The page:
Baseball legend and home run king Henry Louis “Hank” Aaron has died the Atlanta Braves announced on Friday morning. Aaron’s record-breaking Major League Baseball career spanned 23 years and prompted the world to come to know him as “Hammerin’ Hank.” Aaron was 86.
In a statement, the Atlanta Braves said Aaron died peacefully in his sleep on Jan. 22. No cause of death was given.
“We are absolutely devastated by the passing of our beloved Hank,” Braves chairman Terry McGuirk said in a statement. “He was a beacon for our organization first as a player, then with player development, and always with our community efforts. His incredible talent and resolve helped him achieve the highest accomplishments, yet he never lost his humble nature. Henry Louis Aaron wasn’t just our icon, but one across Major League Baseball and around the world. His success on the diamond was matched only by his business accomplishments off the field and capped by his extraordinary philanthropic efforts.”
Aaron received the coronavirus vaccine on Jan. 5 in the presence of reporters at an event at the Morehouse School of Medicine to help bolster public confidence in the safety of the immunization. Minutes after Aaron’s death was reported, social media users began to speculate about a connection between his passing and his recent vaccination.
In response, health officials have reiterated the vaccine’s safety and expressed concern that the timing of Aaron’s death in relation to receiving the shot could undermine the public’s confidence in the immunization.
“We have to have the public understand that all of these events in life occur on a routine basis,” Michael Osterholm, director of the Center for Infectious Disease Research and Policy at the University of Minnesota told The Atlanta Journal-Constitution. “And that, coincidentally, they’re going to occur in the same time period that a vaccine would occur…And they have nothing to do with the vaccination any more than if they had, you know, taken a ride in a car the day before — the car had nothing to do with it.”
Born in Mobile, Alabama, in 1934, Aaron was one of eight children. He grew up so poor he practiced his skills by hitting bottlecaps with sticks because his family couldn’t afford baseball equipment.
Aaron went on to play the outfield for the Milwaukee Braves, Atlanta Braves and Milwaukee Brewers from 1954 to 1976. He was elected to the Baseball Hall of Fame in 1982.
Recognized as one of the greatest baseball players of all time, Aaron still holds Major League Baseball records for runs batted in (2,297), total bases (6,856) and extra-base hits (1,477). Aaron hit .305 for his career.
The biggest moment of Aaron’s career came when he surpassed Babe Ruth’s 714 home run record on April 8, 1974. By the time his career ended Aaron had hit 755 home runs. That record stood for decades until it was broken by Barry Bonds on Aug. 7, 2007, when he hit his 756th homer.
As Aaron neared Ruth’s home run record, he received hate mail and threats to his life because he was a Black man poised to surpass a white man’s record.
“I got millions and millions of pieces of mail from people that were resentful simply because of the fact of who I was and they were just not ready for a Black man to break that record,” Aaron said.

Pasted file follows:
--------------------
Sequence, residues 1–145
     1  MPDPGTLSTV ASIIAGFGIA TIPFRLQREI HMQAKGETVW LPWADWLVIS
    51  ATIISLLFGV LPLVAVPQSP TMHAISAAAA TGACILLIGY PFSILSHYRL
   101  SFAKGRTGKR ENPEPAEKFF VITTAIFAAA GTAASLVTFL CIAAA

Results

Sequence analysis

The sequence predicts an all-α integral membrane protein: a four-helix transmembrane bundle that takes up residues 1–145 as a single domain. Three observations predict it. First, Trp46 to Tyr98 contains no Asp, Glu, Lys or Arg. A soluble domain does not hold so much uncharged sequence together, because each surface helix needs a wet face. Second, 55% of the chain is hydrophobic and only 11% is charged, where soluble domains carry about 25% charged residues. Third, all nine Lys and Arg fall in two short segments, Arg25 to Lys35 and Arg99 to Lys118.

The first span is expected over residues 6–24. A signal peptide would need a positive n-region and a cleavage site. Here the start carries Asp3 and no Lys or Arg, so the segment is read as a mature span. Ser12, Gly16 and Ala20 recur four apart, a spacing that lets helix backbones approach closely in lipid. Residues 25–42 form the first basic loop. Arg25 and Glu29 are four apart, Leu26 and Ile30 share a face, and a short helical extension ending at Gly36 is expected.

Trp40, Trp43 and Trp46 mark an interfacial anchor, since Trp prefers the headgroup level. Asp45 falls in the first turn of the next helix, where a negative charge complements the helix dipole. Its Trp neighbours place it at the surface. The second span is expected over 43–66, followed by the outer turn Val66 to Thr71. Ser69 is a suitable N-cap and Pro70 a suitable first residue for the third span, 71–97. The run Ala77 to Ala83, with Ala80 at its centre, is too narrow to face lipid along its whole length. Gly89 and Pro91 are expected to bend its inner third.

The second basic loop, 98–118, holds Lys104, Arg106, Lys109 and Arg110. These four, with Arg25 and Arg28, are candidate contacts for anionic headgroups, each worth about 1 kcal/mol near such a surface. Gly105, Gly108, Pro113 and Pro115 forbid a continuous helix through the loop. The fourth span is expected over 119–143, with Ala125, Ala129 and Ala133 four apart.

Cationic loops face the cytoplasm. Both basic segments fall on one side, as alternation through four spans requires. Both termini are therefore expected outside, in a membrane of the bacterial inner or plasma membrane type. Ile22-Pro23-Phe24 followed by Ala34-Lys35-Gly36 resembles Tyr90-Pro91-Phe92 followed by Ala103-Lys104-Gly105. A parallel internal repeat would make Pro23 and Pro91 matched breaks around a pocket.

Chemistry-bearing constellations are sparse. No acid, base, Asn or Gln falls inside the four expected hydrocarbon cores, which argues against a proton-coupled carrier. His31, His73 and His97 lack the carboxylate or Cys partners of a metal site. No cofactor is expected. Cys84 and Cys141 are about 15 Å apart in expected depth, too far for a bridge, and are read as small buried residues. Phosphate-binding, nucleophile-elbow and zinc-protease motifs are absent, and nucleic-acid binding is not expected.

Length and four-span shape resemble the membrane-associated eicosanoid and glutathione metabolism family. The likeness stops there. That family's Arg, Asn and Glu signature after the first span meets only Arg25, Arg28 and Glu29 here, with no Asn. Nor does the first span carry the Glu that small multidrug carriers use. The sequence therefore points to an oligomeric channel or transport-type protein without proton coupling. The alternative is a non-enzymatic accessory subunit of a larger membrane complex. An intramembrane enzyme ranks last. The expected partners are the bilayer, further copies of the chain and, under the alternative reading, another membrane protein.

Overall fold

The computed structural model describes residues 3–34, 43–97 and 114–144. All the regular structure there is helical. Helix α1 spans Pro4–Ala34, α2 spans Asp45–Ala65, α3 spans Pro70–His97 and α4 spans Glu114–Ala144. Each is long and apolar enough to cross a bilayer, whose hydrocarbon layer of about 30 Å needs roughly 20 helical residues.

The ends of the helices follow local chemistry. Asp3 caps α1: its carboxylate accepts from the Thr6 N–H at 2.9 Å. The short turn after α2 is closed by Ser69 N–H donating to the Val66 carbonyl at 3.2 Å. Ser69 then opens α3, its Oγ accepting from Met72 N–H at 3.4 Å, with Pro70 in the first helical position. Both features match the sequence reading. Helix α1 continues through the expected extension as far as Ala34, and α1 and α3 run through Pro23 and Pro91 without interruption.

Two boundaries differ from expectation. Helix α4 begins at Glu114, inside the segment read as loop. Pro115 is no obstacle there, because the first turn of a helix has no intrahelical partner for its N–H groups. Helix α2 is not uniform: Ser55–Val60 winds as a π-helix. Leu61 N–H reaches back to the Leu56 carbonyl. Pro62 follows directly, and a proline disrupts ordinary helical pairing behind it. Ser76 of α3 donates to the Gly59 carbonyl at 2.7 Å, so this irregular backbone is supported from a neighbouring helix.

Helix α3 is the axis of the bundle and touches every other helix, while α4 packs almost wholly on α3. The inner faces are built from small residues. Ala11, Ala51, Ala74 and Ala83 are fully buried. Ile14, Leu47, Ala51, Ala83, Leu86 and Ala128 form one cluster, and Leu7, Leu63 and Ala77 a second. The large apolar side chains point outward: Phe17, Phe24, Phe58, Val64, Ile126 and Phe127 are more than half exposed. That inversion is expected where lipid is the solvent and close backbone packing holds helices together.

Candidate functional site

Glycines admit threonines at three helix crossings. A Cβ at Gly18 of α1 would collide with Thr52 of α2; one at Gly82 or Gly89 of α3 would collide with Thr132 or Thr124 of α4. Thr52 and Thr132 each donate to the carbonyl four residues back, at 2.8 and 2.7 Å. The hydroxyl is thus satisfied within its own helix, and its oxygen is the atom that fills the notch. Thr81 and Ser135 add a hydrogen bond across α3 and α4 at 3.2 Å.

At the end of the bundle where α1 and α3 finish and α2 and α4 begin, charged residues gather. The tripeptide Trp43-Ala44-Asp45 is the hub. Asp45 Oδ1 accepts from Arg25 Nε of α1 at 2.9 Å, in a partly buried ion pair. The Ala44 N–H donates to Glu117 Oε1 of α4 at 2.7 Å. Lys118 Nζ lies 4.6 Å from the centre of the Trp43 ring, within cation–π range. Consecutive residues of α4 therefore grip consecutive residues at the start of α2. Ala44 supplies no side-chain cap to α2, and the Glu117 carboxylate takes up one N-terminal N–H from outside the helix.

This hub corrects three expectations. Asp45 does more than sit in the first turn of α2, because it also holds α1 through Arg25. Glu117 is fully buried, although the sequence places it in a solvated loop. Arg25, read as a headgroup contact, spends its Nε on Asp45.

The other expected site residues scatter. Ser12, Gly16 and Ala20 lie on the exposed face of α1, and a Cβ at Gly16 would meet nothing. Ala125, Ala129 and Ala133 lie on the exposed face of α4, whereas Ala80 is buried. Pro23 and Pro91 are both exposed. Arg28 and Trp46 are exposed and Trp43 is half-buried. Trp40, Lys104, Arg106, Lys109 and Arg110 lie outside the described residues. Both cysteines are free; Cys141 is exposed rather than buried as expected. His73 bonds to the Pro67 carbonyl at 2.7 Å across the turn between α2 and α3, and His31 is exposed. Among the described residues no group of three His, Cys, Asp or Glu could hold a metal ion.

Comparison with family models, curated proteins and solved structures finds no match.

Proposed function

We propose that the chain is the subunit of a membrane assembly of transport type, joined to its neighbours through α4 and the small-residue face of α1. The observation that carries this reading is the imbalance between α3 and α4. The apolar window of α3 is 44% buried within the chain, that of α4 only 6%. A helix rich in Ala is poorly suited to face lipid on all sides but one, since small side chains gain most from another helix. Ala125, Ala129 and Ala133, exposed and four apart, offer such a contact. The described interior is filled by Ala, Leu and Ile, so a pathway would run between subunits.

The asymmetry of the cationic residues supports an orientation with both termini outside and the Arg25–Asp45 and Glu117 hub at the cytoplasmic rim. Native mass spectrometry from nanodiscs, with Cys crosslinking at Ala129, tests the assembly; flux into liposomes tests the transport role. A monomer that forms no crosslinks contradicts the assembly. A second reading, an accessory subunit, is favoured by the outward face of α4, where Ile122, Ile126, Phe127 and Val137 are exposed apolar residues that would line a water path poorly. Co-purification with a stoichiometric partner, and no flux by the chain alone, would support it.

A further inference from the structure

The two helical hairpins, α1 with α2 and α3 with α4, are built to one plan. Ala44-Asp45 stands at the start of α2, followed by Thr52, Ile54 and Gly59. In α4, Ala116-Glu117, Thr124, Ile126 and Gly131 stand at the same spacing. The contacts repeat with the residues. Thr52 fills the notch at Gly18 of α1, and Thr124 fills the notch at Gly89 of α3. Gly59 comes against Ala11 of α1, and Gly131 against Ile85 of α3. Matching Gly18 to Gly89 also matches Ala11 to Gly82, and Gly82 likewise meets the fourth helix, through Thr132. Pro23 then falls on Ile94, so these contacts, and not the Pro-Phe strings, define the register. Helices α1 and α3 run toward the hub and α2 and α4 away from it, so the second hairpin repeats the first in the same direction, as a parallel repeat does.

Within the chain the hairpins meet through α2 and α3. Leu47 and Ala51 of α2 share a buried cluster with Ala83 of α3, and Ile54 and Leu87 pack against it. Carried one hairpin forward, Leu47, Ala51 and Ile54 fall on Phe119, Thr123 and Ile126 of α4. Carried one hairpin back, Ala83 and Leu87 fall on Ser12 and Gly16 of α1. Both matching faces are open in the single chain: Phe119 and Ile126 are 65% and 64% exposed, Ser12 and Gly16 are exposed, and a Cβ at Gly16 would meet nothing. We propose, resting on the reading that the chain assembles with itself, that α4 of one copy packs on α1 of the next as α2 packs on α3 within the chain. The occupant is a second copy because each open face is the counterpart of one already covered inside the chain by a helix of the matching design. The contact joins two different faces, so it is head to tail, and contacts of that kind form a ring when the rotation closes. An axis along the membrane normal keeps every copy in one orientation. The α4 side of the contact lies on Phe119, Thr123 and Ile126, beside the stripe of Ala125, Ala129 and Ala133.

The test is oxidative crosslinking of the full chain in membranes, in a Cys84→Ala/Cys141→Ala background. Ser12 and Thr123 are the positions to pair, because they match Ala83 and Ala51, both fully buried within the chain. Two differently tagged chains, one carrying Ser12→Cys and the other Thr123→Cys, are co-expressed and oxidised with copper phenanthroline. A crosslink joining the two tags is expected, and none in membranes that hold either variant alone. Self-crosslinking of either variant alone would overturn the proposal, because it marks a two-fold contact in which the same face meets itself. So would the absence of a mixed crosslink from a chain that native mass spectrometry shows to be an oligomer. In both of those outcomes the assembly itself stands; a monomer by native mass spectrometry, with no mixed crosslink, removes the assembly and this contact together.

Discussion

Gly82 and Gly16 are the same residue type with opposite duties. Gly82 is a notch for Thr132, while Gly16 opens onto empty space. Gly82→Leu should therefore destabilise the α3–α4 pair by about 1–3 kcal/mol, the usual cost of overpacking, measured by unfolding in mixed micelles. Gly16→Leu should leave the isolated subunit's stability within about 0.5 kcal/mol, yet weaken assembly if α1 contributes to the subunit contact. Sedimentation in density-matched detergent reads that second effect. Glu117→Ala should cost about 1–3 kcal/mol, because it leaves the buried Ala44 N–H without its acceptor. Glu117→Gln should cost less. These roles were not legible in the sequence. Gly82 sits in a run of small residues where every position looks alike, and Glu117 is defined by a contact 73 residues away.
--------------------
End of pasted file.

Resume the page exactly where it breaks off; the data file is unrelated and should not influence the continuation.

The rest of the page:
For his own safety, Aaron often left the baseball field through a back exit, and was escorted by police much of the time.
After breaking barriers in baseball on the field, Aaron continued to fight for racial equality after he retired.
Aaron went on to lobby for efforts to increase the number of Black athletes in baseball. He took a front office role with the Atlanta Braves after he retired from the Brewers in 1976, becoming one of the first Black men to hold an executive position in baseball.
He founded the Chasing the Dream Foundation, which provides support to underprivileged youth through mentoring and financial support. In 2015, Aaron and his wife Billye Aaron donated $3 million to the Morehouse School of Medicine — the same institution where he received his recent coronavirus vaccination and where a pavilion is named in Billye Aaron’s honor.
Aaron was awarded the Presidential Medal of Freedom by former president George W. Bush in 2002 for his civil rights-focused philanthropy.
“Our family is heartbroken to hear the news of Hank Aaron’s passing,” Georgia Gov. Brian Kemp said in a statement on behalf of the Aaron family. “Hank Aaron was an American icon and one of Georgia’s greatest legends. His life and career made history, and his influence was felt not only in the world of sports, but far beyond — through his important work to advance civil rights and create a more equal, just society.”
On Twitter, users linked Aaron’s death to the COVID-19 vaccination earlier this month.
“All the data in these huge clinical trials did not support a role for vaccine in causing death,” said Dr. Walter A. Orenstein, a former director at the CDC’s immunization program and a professor at the Emory Vaccine Center. “My fear is people will act emotionally and not get vaccinated. … My fear is that people misinterpret this and say, ‘Aha, see the vaccine is dangerous,’ when in fact there’s no science data to support that hypothesis at all.”